1. Creation of general political and military chaos in the North. The removal of Federal leadership (including Ulysses S. Grant, if his original plans to accompany the President and Mrs. Lincoln had not changed), and possibly including Secretary of War, Edwin M. Stanton, would create chaos in the government and, by extension, in the military (especially as regards coordination between Grant and William Tecumseh Sherman), a condition that offered at least a possibility of salvaging Southern fortunes, certainly more than was otherwise offered if the leadership remained in place. With the President and Vice President dead, the 1792 statute governing presidential succession would apply. The statute provided that in such circumstances, the President Pro Tempore of the Senate would act as President until the Electoral College could elect a new one. Under this law it fell to the Secretary of State to put the process in motion. With the Secretary of State also dead, there would be terrible in-fighting among radical Republicans over the selection of a new Secretary of State and over control of the Electoral College. The resultant chaos might be so bad that the wheels of Northern government would grind to a halt, thus possibly providing an opening for the Confederacy to salvage independence with those of its armies that were still in the field, i.e. Lee’s (prior to April 9), Johnston’s, Mosby’s and Smith’s. The inclusion by Booth of at least the President, the Vice President and the Secretary of State as targets, therefore, is further evidence of a link between Booth and the Confederate leadership, through intermediaries, which is to say that orders to decapitate Northern leadership that were made, even in part, because of the provisions of the 1792 statute, could only have come from persons who were conversant with that statute, i.e. Confederate leaders, not a 26-year old actor unschooled in the law. If the Secretary of War and the Lieutenant General of all Union armies could also be eliminated, so much the better as far as creating chaos in the operations of the government and the military was concerned, even though the elimination of these last two was not essential from the standpoint of the statute.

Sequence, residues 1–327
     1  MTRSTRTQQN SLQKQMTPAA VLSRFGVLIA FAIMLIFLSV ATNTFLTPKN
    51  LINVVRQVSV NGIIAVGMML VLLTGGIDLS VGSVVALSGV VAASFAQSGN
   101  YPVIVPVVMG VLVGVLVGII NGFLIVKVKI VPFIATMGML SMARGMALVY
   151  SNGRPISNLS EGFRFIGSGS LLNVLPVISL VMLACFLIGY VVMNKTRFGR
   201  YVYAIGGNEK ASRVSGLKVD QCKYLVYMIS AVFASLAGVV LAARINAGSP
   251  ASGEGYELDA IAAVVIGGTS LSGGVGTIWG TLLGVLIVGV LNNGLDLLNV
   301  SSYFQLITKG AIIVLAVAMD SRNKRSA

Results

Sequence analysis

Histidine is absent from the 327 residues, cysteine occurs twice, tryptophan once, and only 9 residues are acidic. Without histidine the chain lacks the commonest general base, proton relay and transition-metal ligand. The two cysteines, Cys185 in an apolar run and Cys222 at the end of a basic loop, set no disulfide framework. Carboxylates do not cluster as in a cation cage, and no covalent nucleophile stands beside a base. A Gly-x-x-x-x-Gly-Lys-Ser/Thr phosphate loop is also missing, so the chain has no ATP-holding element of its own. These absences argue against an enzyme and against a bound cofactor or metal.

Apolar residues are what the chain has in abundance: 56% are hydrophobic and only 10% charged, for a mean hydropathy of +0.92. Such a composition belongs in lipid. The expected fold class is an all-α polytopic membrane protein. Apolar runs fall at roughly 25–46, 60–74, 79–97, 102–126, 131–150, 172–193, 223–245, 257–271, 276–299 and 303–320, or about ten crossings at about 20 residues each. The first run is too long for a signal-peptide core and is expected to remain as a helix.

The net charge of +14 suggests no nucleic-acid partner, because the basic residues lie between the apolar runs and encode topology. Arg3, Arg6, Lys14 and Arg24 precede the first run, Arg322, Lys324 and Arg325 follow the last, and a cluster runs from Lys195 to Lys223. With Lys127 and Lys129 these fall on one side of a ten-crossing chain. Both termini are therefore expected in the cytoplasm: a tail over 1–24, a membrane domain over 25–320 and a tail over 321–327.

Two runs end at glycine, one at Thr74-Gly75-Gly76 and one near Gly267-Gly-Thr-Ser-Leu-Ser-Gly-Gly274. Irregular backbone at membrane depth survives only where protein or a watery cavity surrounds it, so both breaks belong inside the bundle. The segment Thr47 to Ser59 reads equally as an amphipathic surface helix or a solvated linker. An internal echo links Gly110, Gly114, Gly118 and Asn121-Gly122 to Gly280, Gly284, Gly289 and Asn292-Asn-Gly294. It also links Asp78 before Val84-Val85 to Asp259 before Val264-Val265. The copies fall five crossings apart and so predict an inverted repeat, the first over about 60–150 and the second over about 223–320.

2. Retribution for ringing the curtain of history down on the South’s peculiar institution and for crushing their dreams of independence. This was made even more galling by Lincoln’s tour as conquering hero (at least to the freed blacks) of their devastated capital on April 4, a tour during which Lincoln was alleged to have sat at the desk of Jefferson Davis and, most ungraciously (if true), even to have put his feet upon the desk. Asia Booth, John’s sister, later wrote that this tour particularly infuriated her brother.

  3. Retribution for the attempted raid on Richmond on February 6, 1864, by Brig. Gen. Isaac J. Wistar. Wistar’s orders, contained in a note from Gen. Benjamin F. Butler, were to relieve Union prisoners at Libby and Belle Isle Prisons, destroy key facilities, including the Tredegar Ironworks, public buildings and commissary stocks, and capture some Confederate leaders. Because Wistar’s cavalry included part of the District of Columbia cavalry unit commanded by Lafayette C. Baker, the Union counterintelligence expert, the Confederates believed the raid had Lincoln’s personal approval and that it constituted Black Flag warfare. It almost certainly did have Lincoln’s approval, because he was profoundly disturbed by reports of prisoner abuse and resolved to do something about it, which is why it wasn’t the last such raid. In any case, Confederate intelligence learned of the raid, Confederate forces were thus prepared for it and so the raid failed.